teaching English in Korea

Teaching English in a Korean University: How to Get the Job

teaching-english

If there’s anything you can count on me for, it’s this: I’ll give it to you straight and not sugar-coat the hard stuff. If you’re looking for a job teaching English in a Korean university, this is the stuff that you might not want to hear:

#1: It’s Very Difficult to Get a Uni Job in Korea These Days


Korea: Don’t Waste your Time

Korea, don't waste your time

A Reader Question from E.J.

“I am now beginning my second year of teaching  in Korea. I was calculating  how I’m doing with my student loans and how long it might take me to pay them off (which is looking like quite a while). That got me thinking about.. well, everything. Specifically, I want to make sure I’m spending my time wisely while I’m here in Korea. As a teacher, I have a nice chunk of free time and I try to use that in the most meaningful ways possible.


Why South Korea isn’t the Place for Serious English Teachers

In my opinion, Korea really is not the place for serious English teachers. By “serious English teacher,” I mean ones that are well-qualified (CELTA/DELTA, MA TESOL/Linguistics, or are qualified teachers back in their home countries) and experienced (5+ years teaching a variety of levels, classes and ages).


Shanghai 2: Jing'an Sculpture Park & Temple, Crystal Galleria

Teaching in Korea: When is it time to go home?

It’s Been a Decade Well Korea, it’s been a decade. And we’ve had a good few years, filled with enough awesome to last a lifetime. Seriously. I feel like I’ve compressed 50 years worth of living into 10 and I’d never trade my time here for anything. And I have absolutely no regrets about moving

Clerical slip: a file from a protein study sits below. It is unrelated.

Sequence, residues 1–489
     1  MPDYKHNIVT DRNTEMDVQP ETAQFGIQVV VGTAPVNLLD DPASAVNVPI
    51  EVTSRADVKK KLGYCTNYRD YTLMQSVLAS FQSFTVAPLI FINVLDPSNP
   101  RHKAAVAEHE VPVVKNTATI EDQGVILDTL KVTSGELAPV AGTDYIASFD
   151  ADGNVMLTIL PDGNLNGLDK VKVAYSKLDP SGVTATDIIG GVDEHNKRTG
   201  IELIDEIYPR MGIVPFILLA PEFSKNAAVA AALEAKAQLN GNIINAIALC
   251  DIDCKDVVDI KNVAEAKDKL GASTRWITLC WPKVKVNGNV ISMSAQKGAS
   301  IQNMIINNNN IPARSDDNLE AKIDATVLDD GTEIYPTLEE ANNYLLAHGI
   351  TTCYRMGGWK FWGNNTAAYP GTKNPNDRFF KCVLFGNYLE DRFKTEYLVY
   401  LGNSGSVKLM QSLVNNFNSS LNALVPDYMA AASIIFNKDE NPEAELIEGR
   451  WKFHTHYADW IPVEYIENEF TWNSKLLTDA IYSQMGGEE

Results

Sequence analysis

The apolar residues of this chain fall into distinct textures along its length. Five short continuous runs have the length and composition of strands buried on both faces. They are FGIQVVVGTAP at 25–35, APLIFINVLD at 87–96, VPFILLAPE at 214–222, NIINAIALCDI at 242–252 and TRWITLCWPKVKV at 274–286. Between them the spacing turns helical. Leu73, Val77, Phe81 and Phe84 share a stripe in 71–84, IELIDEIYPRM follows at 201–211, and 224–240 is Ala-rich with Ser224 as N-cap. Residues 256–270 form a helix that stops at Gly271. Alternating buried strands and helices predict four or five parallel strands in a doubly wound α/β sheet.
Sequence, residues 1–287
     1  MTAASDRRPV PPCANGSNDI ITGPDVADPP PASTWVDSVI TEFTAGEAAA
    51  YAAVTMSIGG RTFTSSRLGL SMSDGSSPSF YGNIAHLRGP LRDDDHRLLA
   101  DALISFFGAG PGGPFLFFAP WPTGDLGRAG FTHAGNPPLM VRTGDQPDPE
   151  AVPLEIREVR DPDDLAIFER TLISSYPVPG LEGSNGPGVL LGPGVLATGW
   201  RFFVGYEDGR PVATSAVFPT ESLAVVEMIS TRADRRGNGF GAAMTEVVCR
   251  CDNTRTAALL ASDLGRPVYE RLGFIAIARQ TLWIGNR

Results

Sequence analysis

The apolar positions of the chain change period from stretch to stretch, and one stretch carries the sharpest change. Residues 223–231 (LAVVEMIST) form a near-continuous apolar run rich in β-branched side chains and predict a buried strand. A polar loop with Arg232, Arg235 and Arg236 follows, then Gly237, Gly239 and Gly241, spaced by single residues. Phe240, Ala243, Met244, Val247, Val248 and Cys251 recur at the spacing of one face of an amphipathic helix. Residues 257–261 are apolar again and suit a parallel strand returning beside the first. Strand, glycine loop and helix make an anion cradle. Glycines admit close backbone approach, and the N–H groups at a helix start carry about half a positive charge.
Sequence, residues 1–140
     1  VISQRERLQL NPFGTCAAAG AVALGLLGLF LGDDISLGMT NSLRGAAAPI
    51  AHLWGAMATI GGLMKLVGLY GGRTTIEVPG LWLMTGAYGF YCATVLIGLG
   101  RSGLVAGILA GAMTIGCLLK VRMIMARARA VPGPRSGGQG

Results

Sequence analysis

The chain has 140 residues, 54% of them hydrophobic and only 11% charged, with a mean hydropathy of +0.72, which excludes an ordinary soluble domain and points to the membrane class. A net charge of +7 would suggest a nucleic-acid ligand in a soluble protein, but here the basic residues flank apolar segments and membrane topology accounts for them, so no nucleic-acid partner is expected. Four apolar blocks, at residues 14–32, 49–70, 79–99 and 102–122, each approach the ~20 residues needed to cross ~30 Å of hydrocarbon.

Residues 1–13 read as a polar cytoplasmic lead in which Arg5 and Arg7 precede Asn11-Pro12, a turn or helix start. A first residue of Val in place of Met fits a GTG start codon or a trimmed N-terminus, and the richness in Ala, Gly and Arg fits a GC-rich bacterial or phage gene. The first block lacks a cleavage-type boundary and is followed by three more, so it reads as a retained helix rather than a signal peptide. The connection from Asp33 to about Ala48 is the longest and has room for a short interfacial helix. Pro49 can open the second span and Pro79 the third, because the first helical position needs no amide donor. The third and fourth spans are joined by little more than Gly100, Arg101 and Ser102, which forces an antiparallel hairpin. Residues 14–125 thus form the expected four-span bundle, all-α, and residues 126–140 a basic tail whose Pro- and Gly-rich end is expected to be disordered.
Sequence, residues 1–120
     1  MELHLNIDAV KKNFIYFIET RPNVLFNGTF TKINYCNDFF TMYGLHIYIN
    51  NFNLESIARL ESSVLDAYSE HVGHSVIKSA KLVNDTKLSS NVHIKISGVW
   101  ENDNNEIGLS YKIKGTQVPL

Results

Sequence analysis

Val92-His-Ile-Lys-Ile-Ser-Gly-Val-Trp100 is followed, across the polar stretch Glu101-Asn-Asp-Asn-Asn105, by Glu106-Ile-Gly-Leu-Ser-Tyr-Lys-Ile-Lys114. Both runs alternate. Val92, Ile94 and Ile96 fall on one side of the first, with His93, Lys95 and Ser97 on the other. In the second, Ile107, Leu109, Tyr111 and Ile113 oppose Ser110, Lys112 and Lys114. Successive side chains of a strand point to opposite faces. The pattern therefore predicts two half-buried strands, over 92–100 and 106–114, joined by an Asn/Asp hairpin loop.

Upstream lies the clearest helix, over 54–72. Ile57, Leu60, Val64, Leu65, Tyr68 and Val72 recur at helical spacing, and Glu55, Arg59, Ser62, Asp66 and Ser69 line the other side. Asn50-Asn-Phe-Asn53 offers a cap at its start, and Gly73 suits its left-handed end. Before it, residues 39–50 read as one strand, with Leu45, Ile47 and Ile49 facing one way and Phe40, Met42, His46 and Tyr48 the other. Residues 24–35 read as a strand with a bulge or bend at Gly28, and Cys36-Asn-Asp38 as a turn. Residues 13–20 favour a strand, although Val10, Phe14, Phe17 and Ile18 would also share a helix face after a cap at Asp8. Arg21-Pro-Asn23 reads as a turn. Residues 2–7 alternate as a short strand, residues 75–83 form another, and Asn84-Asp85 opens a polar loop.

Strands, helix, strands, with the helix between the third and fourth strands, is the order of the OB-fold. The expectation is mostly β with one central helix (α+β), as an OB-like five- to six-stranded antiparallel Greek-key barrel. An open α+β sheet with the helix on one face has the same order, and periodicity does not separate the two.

The post Teaching in Korea: When is it time to go home? appeared first on .


Korean Students Write the Darndest Things

Part of my job as a high school English teacher in South Korea involved giving out, and then correcting, weekly creative writing assignments. It quickly became one of my favorite parts of the experience, as it allowed my students to apply the language with more freedom and personality. It also helped me to get to know them in a more private way. From unintentionally funny remarks, to profound realizations, their writing was a joy to read.

Below is a small collection of some of my favorite excerpts. I’ve also taken the liberty of underscoring their messages with related images. Perhaps this could have been made into some sort of class project… Enjoy!


Gamcheon Cultural Village

Seoul vs. Busan


Hwamyeong: Latte King


For a while I've been considering writing about specific places in Hwamyeong-dong - the neighbourhood in Buk-gu in which I live.  I wasn't entirely sure if anyone would be interested because Hwamyeong is really far out of the way.  That said, I've noticed that there are a number of new spots opening up (mostly because I can't help but stop when I see an iced Americano being advertised for the equivalent of a loonie [that's a buck for you non-Canadians]).  

Vlog Entry #20: One EPIK Year in Review

Tomorrow marks my last day as an English teacher with EPIK. Without a doubt, this year was full of the biggest challenges I’ve ever faced, but also the greatest adventures and people. As Avicii says in this video’s song: “All this time I was finding myself, and I didn’t know I was lost.”


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